Break the walls! Second-Order barriers and the acceptance of mLearning by first-year pre-service teachers

Break the walls! Second-Order barriers and the acceptance of mLearning by first-year pre-service teachers

Computers in Human Behavior 95 (2019) 158–167 Contents lists available at ScienceDirect Computers in Human Behavior journal homepage: www.elsevier.c...

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Computers in Human Behavior 95 (2019) 158–167

Contents lists available at ScienceDirect

Computers in Human Behavior journal homepage: www.elsevier.com/locate/comphumbeh

Full length article

Break the walls! Second-Order barriers and the acceptance of mLearning by first-year pre-service teachers

T

José Carlos Sánchez-Prietoa,∗, Ángel Hernández-Garcíab, Francisco J. García-Peñalvoa, Julián Chaparro-Peláezb, Susana Olmos-Migueláñeza a

GRIAL Research Group, Educational Research Institute, University of Salamanca, Paseo de Canalejas 169, Salamanca, Spain Departamento de Ingeniería de Organización, Administración de Empresas y Estadística, ETSI de Telecomunicación, Universidad Politécnica de Madrid, Av. Complutense 30, 28040, Madrid, Spain

b

A R T I C LE I N FO

A B S T R A C T

Keywords: mLearning TAM Technology adoption Pre-service teachers PLS-SEM

Despite their many advantages, teachers' adoption of mobile technologies as didactic tools is still limited. Their adoption is conditioned by first-order and second-order barriers. The former are associated with the availability of resources, and the latter refer to internal barriers as a consequence of the reflection of instructors about their own teaching practice, which are harder to overcome. Teacher training plays an important role on the formation of these barriers, but prior research mainly focuses on pre-service teachers in their last years of training, where some of those barriers have already been formed, and it mostly investigates computer-based learning. This research aims to fill that gap by analyzing the influence of second-order barriers on first-year pre-service teachers' intention to use mobile devices in their future teaching practice. The study identifies the most relevant second-order barriers and tests the proposed model using a sample of 160 first-year primary education preservice teachers. The results of the partial least squares structural equation modeling analysis offer relevant practical, theoretical and methodological implications for mobile learning adoption: first, they provide evidence of the key role of second-order barriers, accounting for 70.8% of the variance of the intention to use these technologies; second, the importance of compatibility and enjoyment, higher than that of traditional key variables as perceived ease of use and perceived usefulness, points out tothe need to reconsider pre-service teacher training programs; third, the study compares traditional reflective modeling of subjective norm and formative modeling, suggesting the adequacy of formative formulations in technology adoption studies.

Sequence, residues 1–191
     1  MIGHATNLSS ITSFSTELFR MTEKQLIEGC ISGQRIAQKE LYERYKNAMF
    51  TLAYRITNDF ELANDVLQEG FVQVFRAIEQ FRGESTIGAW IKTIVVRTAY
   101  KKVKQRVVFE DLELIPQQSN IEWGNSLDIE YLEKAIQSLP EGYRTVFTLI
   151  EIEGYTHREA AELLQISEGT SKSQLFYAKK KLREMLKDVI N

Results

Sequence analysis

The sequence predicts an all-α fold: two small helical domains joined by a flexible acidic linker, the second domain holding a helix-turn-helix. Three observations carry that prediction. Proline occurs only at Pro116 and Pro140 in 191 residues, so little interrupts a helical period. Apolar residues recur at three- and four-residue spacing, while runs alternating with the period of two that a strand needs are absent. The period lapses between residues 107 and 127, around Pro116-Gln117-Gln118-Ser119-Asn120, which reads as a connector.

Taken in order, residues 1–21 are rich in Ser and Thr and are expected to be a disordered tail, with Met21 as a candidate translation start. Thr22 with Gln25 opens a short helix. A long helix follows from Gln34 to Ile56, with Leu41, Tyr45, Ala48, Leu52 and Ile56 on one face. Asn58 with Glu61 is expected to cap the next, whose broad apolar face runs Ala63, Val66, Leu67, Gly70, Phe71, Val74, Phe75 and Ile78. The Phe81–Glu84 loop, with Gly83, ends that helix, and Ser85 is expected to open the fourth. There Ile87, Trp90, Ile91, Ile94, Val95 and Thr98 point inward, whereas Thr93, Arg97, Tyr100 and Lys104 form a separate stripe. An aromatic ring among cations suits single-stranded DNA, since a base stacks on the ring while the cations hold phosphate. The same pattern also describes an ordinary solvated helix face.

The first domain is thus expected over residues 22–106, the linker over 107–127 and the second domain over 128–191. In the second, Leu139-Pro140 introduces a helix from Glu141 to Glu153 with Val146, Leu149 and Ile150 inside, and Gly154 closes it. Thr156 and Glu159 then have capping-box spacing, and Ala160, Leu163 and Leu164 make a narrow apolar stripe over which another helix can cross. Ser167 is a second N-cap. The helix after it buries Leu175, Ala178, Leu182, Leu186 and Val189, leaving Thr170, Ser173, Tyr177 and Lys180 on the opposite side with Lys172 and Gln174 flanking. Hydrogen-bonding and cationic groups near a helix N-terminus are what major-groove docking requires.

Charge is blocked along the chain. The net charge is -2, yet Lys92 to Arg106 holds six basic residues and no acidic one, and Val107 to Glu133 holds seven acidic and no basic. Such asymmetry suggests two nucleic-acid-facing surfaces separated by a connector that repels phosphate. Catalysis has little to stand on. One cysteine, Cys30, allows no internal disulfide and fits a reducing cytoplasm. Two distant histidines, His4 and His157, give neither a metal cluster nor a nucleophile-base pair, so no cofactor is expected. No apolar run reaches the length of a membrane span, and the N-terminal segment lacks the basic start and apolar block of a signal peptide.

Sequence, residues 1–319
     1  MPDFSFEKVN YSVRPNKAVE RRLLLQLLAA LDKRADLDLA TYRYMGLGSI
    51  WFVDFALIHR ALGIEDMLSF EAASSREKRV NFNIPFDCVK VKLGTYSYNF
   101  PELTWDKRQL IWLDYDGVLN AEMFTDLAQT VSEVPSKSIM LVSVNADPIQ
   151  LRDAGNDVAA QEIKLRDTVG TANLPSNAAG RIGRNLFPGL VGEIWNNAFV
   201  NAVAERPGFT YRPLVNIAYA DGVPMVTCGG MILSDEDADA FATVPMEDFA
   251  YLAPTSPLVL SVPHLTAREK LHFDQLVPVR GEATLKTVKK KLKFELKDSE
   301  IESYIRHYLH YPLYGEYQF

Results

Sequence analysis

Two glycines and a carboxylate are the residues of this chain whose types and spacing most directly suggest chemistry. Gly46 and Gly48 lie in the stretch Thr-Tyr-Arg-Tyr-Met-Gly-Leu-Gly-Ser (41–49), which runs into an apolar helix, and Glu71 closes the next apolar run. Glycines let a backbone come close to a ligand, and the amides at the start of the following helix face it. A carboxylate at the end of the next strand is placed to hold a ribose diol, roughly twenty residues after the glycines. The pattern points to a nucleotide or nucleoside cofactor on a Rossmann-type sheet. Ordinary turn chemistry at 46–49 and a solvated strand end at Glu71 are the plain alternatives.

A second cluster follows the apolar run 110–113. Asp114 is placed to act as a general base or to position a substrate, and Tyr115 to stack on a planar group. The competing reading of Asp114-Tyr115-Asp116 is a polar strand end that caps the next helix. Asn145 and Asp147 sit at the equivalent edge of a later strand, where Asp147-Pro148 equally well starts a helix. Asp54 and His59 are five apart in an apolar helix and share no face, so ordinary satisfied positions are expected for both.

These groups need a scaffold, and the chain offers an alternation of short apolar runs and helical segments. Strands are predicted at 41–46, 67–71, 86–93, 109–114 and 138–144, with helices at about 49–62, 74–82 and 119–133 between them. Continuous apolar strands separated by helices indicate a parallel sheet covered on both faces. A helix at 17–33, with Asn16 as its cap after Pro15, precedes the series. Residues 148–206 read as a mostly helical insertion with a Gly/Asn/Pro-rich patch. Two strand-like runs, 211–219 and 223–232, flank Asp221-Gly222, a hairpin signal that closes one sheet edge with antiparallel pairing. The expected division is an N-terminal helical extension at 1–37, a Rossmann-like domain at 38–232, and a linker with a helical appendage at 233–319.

1. Introduction

to the characteristics of students, and free from time and space constraints (Crompton, 2017). Due to its many advantages, mLearning has gained interest among educators and scholars and its use is increasing in varied educational settings, such as in-company training or museums, with a wide catalogue of learning activities (Liu, Han, & Li, 2010). In formal education contexts, the number of studies on the use of mobile devices is increasing (Wingkvist & Ericsson, 2011), with examples of initiatives at all educational levels (Crompton & Burke, 2018). In compulsory education, the implementation of mLearning activities can be divided into two groups, depending on the type of technology under analysis: the use of laptops in schools, and application of different types of mobile devices in education (Sung, Chang, & Liu, 2016). The latter primarily focuses on the use of mobile phones and smartphones, with primary education being the most commonly

The use of information technologies (IT) in education gives access to a wide selection of new teaching methods. Rapid advances in technology make new solutions available for teachers to help students to adapt to the professional needs of a constantly changing world. One of the most notable technology advances are mobile devices. The increasing storage, fast adoption and presence of mobile devices in all aspects of everyday life make it possible to talk about a post-PC era already (Wei, Valler, Madhyastha, Neamtiu, & Faloutsos, 2017). Educational uses of mobile devices in formal education, under the name of mobile learning or mLearning, enables customization and flexibility of learning processes (Traxler, 2009). Anywhere and anytime connectivity, integration of multimedia content, personal use and communication facilitate situated and collaborative learning, adapted